Obesity and diabetes seen as accelerated aging; research has broad implications in treating disease and new drug discovery
During the last decade researchers have made a number of important discoveries about the molecular mechanisms regulating aging. This research has suggested the exciting prospect that the rate of aging can be manipulated and slowed, leading to longer human lifespan. A major peer-reviewed article in the current issue of Nature Reviews Drug Discovery describes the intimate links between these pathways of aging and those of metabolic disease, such as type 2 diabetes and obesity. The authors describe how these insights open the door to novel classes of drugs which can be developed to not only treat diabetes and obesity, but also effectively slow the aging process and extend lifespan. These and other findings are reviewed in the article, "Aging and Metabolism: Drug Discovery Opportunities", authored by Elixir Pharmaceuticals researchers Drs. Rory Curtis, Bard J. Geesaman and Peter S. DiStefano and appearing in Nature Reviews Drug Discovery (July 2005, Vol. 4, No. 7).
John Kopchick, Ph.D., Goll-Ohio Eminent Scholar and Professor of Molecular Biology, Department of Biomedical Sciences, Konneker Research Center, Ohio University, commented, "This article provides an elegant and comprehensive survey of the essential connections between metabolic disease pathways and aging. The potential of this research is profound: Modulating these pathways may not only uncover yet unknown therapeutic targets and/or drugs to treat metabolic disease, but also has the potential to impact the progression of aging itself."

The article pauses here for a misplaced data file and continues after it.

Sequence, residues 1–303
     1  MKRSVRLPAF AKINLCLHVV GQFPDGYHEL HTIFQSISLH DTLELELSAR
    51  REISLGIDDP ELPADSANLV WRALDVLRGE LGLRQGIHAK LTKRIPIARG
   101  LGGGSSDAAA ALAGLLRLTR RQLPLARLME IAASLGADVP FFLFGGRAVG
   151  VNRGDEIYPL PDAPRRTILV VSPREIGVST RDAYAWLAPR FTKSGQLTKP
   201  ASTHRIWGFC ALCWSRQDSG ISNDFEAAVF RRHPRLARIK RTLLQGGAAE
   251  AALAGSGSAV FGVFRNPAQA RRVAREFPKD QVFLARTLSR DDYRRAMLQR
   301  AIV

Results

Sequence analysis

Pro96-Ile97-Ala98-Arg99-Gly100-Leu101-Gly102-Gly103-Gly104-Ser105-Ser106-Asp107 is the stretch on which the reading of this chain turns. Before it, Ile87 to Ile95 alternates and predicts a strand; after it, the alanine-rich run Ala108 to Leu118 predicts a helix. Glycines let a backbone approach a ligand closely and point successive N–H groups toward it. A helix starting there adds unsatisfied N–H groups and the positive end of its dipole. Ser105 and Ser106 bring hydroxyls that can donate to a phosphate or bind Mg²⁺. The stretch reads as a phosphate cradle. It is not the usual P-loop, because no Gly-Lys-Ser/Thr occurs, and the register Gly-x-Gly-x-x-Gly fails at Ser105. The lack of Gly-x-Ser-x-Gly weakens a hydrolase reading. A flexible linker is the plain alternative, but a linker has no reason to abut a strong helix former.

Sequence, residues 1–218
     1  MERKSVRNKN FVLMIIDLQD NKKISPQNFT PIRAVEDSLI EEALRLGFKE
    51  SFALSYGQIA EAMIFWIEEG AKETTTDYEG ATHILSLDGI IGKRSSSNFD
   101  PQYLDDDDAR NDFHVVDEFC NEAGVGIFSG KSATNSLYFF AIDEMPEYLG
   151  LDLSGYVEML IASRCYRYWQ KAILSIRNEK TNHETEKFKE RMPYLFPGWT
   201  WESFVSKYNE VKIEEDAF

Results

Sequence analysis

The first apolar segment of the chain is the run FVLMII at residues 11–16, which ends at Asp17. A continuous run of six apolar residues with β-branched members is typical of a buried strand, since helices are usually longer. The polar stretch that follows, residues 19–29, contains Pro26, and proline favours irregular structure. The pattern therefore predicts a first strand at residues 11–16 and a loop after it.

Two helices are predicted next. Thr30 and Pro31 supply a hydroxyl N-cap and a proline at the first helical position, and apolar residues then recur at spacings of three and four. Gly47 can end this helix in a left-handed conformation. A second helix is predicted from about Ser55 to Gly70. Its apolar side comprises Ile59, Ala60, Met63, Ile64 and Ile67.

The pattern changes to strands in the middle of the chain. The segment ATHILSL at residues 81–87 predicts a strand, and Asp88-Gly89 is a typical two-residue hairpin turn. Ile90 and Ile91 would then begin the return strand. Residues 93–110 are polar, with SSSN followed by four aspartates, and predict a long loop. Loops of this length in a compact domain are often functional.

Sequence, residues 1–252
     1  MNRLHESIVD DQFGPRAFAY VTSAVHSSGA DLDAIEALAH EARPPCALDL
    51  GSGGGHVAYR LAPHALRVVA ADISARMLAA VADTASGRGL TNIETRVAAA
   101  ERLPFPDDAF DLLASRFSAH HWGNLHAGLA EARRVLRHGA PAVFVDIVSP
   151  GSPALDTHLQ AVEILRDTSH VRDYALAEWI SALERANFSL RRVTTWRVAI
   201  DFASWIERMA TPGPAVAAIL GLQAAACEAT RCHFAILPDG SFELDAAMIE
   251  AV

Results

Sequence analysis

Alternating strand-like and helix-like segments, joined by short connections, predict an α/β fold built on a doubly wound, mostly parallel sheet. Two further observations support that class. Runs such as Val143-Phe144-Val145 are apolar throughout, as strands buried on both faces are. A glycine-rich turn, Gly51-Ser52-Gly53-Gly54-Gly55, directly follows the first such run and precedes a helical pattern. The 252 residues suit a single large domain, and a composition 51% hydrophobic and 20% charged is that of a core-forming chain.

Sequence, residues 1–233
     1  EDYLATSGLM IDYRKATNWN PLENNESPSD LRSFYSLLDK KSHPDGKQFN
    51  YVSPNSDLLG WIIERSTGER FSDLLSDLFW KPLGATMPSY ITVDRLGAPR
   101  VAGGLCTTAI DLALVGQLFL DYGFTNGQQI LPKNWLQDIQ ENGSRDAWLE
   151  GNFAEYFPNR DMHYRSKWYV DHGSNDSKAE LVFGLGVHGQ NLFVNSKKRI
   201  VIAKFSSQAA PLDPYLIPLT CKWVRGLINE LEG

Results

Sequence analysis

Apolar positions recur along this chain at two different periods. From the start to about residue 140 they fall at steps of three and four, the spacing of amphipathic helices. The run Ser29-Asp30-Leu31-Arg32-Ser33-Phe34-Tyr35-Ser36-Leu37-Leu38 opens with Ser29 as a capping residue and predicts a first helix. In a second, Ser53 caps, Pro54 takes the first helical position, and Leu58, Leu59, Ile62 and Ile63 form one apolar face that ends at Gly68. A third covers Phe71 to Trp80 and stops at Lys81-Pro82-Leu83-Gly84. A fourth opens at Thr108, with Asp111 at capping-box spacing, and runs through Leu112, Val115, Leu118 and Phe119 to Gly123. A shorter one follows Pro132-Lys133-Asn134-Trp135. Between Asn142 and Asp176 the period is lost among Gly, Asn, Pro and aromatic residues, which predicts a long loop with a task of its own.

Fine organic particles in the atmosphere are more often solid glass beads than liquid oil droplets
21.04.2017 | Max-Planck-Institut für Chemie
Study overturns seminal research about the developing nervous system
21.04.2017 | University of California - Los Angeles Health Sciences
The nearby, giant radio galaxy M87 hosts a supermassive black hole (BH) and is well-known for its bright jet dominating the spectrum over ten orders of magnitude in frequency. Due to its proximity, jet prominence, and the large black hole mass, M87 is the best laboratory for investigating the formation, acceleration, and collimation of relativistic jets. A research team led by Silke Britzen from the Max Planck Institute for Radio Astronomy in Bonn, Germany, has found strong indication for turbulent processes connecting the accretion disk and the jet of that galaxy providing insights into the longstanding problem of the origin of astrophysical jets.
Supermassive black holes form some of the most enigmatic phenomena in astrophysics. Their enormous energy output is supposed to be generated by the...
The probability to find a certain number of photons inside a laser pulse usually corresponds to a classical distribution of independent events, the so-called...
Microprocessors based on atomically thin materials hold the promise of the evolution of traditional processors as well as new applications in the field of flexible electronics. Now, a TU Wien research team led by Thomas Müller has made a breakthrough in this field as part of an ongoing research project.
Two-dimensional materials, or 2D materials for short, are extremely versatile, although – or often more precisely because – they are made up of just one or a...
Two researchers at Heidelberg University have developed a model system that enables a better understanding of the processes in a quantum-physical experiment...
Glaciers might seem rather inhospitable environments. However, they are home to a diverse and vibrant microbial community. It’s becoming increasingly clear that they play a bigger role in the carbon cycle than previously thought.
A new study, now published in the journal Nature Geoscience, shows how microbial communities in melting glaciers contribute to the Earth’s carbon cycle, a...
20.04.2017 | Event News
18.04.2017 | Event News
03.04.2017 | Event News
21.04.2017 | Physics and Astronomy
21.04.2017 | Health and Medicine
21.04.2017 | Physics and Astronomy